By Marty Appel
A few months ago we did a column on the late Gene Schoor, the prolific author of sports biographies. In the article, we cited a similar author of the times, Milton Shapiro, and made note of a lawsuit involving his biography of Warren Spahn, which seemed to bring an end to the Messner biographies many of us enjoyed in the ‘50s and ‘60s.
Well, guess what? A reader of that column was none other than Milton Shapiro, 74, and retired in England. And he had some interesting things to say!
First, it turned out, he was hired by Gene Schoor to write some of Schoor’s books! Gene Schoor had a ghost writer! No wonder he was able to turn out so many! Shapiro says he was actually the writer of the biographies of Leo Durocher, Joe DiMaggio and Pee Wee Reese. And when he asked Schoor for more money and a co-author credit on Bob Feller, he was turned down and “quit.”
There then came a phone call from one Gertrude Blumenthal of Messner, a senior editor, who asked if Shapiro could continue writing under his own name. And so he did, for some 20 or so titles, side by side with Schoor. His first was The Sal Maglie Story; his best-selling, The Jackie Robinson Story.
Then came his Spahn book. Spahn sued the author and the publisher for invasion of privacy, and, on the stand, cited such things as Shapiro having the wrong foot for a World War II injury, even though Shapiro’s source was Spahn’s Army record. The lower court awarded Spahn $10,000, but it was overturned by the Supreme Court when Simon & Shuster appealed.
Disheartened, Shapiro gave up the sports bio business, and moved to England in 1967, where he switched his writing to World War II history.
All of this comes to mind again when we discover an even more remarkable claim of authorship, involving some of the most revered books on baseball history ever published.
We speak of the three-volume set by Professor Harold Seymour, whose works continue to be the scholarly standard of baseball’s history.
Seymour grew up in Brooklyn and worked as a turnstile boy, a scoreboard operator, and then a batboy for the Dodgers (1925). He took his passion for the game with him throughout his life, and became a thorough researcher while serving as an Associate Professor of History at Finch College in New York. In 1960, Oxford University Press published Baseball: The Early Years, essentially a history of 19th Century baseball. The author was widely hailed for his diligence, and his professorial title gave the book great credibility, which it still enjoys more than 40 years later.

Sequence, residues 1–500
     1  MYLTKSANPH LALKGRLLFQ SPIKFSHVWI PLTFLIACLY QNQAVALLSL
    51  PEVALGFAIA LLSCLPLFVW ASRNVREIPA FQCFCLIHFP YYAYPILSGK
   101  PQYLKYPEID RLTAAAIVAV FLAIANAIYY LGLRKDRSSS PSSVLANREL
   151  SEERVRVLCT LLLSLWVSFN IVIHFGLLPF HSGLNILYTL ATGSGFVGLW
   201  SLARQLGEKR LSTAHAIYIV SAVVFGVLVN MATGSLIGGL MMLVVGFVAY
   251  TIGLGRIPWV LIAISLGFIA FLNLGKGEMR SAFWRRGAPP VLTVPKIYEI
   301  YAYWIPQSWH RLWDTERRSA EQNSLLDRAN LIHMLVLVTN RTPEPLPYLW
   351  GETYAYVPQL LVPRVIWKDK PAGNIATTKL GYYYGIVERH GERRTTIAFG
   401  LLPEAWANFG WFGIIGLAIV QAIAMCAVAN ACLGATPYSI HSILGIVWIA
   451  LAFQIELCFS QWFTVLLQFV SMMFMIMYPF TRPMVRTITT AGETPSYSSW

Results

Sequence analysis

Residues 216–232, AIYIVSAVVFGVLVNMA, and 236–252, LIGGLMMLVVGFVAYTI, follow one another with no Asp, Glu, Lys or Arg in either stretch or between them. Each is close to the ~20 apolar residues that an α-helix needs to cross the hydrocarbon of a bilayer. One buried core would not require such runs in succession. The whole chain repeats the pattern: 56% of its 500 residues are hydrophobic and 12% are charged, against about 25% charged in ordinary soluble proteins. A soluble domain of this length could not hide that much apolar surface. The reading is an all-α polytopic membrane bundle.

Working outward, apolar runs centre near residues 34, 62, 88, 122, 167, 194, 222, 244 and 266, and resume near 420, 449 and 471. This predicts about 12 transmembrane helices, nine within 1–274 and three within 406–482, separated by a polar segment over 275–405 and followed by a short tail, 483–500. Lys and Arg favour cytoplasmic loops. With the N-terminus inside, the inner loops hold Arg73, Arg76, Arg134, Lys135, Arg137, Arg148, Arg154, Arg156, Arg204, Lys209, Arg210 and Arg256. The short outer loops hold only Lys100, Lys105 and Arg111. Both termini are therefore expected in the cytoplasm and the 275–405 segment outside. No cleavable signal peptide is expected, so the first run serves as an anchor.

The second volume didn’t come along until 1971. It was called Baseball: The Golden Age, and takes the reader into the 1920s, to Babe Ruth and Judge Landis. It is actually harder to find today than the first volume. (Volume 1 with dust jacket can be found for around $65; volume 2 is sometimes more than $100).
By now, living with his wife Dorothy on “Bush League Farm” in West Newbury, MA, Seymour was a reclusive sort, but quite protective of his research, and quick to anger when facts from his books were used without attribution by other authors. (He was also quite fussy about making certain that he was always identified as Harold Seymour, Ph.D).
Admirers anxiously awaited his third volume, which would presumably take the game up through Jackie Robinson, if not to the current day. And wait they did. Volume three did not appear until 1990, when many were wondering if he was even still alive. And truth be told, many were disappointed with the book. It wasn’t a continuation at all. Baseball: The People’s Game was a history of the amateur game in America, the game outside of Organized Baseball. It was a splendid book, brilliantly researched, award-winning, but it didn’t satisfy his fans who had waited 19 years. And in September of 1992, he died in a nursing home at the age of 82. There would be no “volume four,” whatever it might have been.
Now comes a fairly remarkable discovery on the Internet. Dorothy Seymour, now Dorothy Jane Mills, has come forward to reveal that not only was she his principal researcher, (she says he didn’t even like research), but that she fought with him in vain to get a co-author credit, feuded with him at the end in an effort to get him to sign papers to that effect, and because he was stricken with depression and later Alzheimer’s Disease, and was extremely difficult to work with, it was she who wrote The People’s Game. (The preface says “The assistance of my wife, Dorothy Zander Seymour, needs only one word: indispensable.”)
All of this fascinating information comes to light on Dorothy’s own Website, http://www.totk.com/djm.php, as she seeks to get Oxford to reissue the books, which are now out of print as both hardcover and paperback editions.
Ms. Mills presents a strong case; Dr. Seymour cannot today refute it, and readers are urged to read her very credible story – a bit of feminism rising in the male bastion of baseball writing.